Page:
Whatever became of “greatest hits” compilation albums? Record companies used to reissue already successful singles on an album – easy money for the company and artist, and a good way for new fans to catch up on an established act.
It’s how people of my vintage learned about the Beatles – the red/blue album compilations issued after they split. I worked backwards from there.
Some acts resisted record company pressure to do “best of” compilations, especially in the album era, arguing that hit songs would be stripped of their “album” context and be presented in ways their creators did not intend.
But the money? “Greatest hits” records are cheap to make – no new material or expensive studio time. Nice little earner for act and label.
“Best ofs” began in the early part of the “album era” – 1958’s Johnny Mathis greatest hits is thought to be the first. Streaming killed them off, but for a time, they were a lucrative thing. So much so that the best-selling record ever in the USA is a greatest hits, by The Eagles – it sold 38 million copies.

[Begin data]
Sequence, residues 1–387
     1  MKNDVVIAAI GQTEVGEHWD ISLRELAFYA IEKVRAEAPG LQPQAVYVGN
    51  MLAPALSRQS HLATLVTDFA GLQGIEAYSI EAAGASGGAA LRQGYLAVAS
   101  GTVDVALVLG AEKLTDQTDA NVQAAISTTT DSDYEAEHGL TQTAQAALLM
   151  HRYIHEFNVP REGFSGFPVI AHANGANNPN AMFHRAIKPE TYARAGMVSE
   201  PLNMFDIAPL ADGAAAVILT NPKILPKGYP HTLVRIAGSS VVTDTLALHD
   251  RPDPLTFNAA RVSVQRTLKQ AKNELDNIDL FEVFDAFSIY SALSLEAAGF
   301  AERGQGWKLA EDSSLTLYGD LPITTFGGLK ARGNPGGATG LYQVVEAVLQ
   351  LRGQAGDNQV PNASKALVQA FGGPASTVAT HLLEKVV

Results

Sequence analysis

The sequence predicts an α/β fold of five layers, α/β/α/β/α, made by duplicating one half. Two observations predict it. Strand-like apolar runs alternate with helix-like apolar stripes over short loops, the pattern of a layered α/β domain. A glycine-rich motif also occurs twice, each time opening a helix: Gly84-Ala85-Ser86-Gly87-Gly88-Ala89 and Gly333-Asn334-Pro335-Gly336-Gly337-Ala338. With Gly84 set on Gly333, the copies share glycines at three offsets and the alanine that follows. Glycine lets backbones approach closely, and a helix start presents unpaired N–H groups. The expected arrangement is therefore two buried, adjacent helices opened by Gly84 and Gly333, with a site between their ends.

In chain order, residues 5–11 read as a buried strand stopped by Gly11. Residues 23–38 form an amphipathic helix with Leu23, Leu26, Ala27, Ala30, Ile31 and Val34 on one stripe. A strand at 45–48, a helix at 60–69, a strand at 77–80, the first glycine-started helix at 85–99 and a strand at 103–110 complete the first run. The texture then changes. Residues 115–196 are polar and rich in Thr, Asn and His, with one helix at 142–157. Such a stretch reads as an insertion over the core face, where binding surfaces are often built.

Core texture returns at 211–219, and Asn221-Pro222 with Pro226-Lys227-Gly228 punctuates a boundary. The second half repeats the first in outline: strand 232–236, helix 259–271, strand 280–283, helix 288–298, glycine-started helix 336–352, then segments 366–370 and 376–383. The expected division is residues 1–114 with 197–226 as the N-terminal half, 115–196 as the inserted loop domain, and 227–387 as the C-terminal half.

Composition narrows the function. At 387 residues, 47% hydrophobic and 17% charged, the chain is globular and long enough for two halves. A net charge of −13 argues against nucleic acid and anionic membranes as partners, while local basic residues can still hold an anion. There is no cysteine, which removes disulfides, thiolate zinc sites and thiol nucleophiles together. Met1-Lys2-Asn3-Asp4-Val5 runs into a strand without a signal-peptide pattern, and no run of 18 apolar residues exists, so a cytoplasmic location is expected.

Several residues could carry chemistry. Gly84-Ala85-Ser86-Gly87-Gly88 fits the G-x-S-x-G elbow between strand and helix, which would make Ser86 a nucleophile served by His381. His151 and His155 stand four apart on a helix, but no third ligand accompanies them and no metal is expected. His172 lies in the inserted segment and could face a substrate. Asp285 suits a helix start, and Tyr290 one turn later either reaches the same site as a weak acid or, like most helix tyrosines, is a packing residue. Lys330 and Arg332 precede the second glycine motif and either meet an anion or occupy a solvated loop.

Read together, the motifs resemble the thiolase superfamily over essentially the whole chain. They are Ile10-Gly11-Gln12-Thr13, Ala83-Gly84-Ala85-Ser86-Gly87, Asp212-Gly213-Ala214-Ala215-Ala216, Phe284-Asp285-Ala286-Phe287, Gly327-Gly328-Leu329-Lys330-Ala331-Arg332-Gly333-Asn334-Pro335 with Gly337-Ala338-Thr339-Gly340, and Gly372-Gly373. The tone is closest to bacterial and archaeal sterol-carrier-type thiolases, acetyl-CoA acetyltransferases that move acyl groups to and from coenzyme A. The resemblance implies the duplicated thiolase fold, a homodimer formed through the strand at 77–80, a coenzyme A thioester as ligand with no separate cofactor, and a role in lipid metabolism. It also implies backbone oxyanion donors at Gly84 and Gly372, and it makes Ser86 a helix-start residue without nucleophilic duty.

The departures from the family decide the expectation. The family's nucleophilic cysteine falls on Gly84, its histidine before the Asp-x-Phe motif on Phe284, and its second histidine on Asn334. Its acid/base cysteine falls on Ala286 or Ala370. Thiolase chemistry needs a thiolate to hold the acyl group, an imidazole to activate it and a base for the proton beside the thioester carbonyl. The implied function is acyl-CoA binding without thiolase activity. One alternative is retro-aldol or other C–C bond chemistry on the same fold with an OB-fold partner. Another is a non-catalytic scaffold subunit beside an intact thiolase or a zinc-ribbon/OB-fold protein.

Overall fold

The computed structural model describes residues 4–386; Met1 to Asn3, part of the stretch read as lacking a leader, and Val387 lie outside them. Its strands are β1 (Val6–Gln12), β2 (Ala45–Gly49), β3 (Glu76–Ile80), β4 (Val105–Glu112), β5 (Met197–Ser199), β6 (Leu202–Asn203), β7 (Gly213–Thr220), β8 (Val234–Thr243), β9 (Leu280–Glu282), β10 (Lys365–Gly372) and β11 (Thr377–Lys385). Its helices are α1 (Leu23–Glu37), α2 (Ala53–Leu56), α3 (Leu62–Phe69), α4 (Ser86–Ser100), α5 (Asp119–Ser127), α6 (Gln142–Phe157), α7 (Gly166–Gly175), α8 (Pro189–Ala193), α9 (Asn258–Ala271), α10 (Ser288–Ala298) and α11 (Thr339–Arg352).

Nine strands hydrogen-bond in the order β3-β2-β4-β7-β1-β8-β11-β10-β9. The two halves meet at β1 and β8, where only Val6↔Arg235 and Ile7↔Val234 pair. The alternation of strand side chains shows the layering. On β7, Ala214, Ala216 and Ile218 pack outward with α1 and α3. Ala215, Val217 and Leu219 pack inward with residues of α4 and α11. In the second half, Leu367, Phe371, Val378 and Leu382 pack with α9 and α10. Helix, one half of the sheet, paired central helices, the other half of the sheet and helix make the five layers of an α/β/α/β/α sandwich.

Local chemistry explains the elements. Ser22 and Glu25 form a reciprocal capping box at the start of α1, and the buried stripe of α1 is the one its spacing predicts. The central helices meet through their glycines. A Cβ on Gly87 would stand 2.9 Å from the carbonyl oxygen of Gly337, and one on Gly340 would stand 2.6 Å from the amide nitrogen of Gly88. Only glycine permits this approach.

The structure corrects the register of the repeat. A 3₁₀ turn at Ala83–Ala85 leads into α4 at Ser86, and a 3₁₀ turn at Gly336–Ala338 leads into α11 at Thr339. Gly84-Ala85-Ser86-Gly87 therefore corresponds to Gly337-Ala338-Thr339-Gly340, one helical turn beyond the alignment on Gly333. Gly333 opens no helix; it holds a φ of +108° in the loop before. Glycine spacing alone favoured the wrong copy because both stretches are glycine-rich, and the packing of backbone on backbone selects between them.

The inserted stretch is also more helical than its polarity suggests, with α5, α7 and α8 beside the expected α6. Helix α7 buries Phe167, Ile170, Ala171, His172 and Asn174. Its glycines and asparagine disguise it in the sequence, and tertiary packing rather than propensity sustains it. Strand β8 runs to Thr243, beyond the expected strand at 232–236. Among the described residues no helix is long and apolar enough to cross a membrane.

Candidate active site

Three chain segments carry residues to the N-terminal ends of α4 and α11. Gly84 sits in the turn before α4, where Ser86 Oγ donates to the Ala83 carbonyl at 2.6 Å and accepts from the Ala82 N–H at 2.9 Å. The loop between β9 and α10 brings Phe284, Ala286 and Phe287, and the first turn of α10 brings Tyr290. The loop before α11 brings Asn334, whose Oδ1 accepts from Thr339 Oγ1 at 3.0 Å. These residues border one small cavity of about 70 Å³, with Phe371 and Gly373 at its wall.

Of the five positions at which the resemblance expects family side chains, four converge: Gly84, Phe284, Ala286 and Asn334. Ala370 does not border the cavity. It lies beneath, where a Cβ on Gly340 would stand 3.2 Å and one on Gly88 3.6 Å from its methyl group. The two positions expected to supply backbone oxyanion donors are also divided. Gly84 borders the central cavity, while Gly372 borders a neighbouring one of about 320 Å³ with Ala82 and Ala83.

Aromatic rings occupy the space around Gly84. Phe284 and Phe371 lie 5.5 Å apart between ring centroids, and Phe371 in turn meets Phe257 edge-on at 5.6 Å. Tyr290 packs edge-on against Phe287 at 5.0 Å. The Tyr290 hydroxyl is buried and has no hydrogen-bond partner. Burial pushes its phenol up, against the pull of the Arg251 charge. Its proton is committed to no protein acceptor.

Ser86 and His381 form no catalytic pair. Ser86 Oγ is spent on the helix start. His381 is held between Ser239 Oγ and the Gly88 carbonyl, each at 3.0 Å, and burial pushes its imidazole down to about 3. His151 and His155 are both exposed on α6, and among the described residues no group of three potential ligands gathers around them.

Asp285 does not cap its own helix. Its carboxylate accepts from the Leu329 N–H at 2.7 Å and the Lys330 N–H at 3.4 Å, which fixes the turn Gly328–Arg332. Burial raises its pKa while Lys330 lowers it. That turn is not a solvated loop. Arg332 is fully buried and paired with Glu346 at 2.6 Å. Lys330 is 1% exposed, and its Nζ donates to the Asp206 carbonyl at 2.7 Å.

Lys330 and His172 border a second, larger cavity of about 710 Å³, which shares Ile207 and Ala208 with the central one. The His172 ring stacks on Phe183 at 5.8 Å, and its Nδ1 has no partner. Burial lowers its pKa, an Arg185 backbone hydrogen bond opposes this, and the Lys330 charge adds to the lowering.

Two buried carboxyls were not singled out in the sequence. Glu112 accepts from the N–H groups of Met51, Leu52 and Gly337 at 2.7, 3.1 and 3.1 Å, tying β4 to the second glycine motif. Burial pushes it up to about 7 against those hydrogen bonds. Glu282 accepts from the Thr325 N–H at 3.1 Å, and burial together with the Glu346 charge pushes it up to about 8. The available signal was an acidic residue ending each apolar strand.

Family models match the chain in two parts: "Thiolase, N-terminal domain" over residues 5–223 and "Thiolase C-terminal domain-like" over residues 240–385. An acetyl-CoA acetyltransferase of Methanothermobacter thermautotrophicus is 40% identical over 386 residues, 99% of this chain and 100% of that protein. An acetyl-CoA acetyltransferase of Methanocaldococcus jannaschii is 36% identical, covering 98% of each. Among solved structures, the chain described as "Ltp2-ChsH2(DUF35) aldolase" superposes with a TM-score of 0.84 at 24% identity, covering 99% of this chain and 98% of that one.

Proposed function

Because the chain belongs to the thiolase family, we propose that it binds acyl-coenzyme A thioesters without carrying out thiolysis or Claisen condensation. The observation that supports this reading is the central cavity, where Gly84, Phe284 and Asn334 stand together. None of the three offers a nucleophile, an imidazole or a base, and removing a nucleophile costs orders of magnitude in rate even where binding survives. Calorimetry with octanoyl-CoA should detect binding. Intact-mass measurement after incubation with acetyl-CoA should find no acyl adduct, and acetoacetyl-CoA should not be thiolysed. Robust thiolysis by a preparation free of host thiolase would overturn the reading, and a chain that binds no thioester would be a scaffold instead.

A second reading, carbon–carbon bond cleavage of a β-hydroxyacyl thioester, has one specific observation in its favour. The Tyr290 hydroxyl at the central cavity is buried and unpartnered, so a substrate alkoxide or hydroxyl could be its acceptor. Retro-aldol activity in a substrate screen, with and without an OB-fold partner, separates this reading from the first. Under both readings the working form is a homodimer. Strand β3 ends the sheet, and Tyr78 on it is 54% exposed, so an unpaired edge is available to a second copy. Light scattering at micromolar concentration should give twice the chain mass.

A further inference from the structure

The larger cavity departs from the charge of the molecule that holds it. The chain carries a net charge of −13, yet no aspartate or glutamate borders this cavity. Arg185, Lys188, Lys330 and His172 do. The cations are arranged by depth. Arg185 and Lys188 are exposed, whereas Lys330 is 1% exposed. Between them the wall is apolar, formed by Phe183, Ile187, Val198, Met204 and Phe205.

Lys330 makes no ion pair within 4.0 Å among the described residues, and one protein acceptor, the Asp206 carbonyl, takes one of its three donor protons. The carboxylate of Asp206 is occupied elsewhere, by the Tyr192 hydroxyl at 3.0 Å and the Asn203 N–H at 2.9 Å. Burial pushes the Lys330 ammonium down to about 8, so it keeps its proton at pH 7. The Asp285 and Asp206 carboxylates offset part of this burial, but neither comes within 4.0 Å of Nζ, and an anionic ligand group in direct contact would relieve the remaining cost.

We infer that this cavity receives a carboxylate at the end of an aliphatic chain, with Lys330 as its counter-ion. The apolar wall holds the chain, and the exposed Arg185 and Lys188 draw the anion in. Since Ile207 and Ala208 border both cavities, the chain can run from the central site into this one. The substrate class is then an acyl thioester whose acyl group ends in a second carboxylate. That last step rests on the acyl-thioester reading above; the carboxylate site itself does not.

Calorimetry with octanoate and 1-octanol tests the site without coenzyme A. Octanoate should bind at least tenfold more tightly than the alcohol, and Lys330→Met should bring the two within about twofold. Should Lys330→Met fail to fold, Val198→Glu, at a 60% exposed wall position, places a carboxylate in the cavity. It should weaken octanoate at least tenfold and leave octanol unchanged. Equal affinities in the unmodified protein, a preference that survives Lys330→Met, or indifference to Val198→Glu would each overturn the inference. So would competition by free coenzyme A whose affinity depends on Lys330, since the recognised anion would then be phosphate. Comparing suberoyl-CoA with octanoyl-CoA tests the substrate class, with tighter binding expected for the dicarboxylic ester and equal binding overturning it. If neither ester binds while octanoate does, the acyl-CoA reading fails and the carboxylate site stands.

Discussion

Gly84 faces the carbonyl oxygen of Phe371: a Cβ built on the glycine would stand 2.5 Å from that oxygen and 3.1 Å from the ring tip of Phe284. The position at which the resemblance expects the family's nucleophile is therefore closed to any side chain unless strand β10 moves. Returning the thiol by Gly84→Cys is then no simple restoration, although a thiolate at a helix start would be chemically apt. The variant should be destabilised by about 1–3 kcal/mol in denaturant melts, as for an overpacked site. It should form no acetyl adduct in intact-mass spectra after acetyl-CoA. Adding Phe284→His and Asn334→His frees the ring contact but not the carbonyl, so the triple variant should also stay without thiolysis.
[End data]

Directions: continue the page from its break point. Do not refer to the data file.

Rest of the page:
And then labels like K-tel started doing amazing compilations of eras and styles, and Rhino Records began to issue compilations that taught us all about artists, styles and musical eras.
Listen to my ABC Radio story about greatest hits albums.
Richard is a writer, podcaster, radio and TV broadcaster, an editor, and a lover of music. He tells the stories of how great songs are made, and of the people who make them.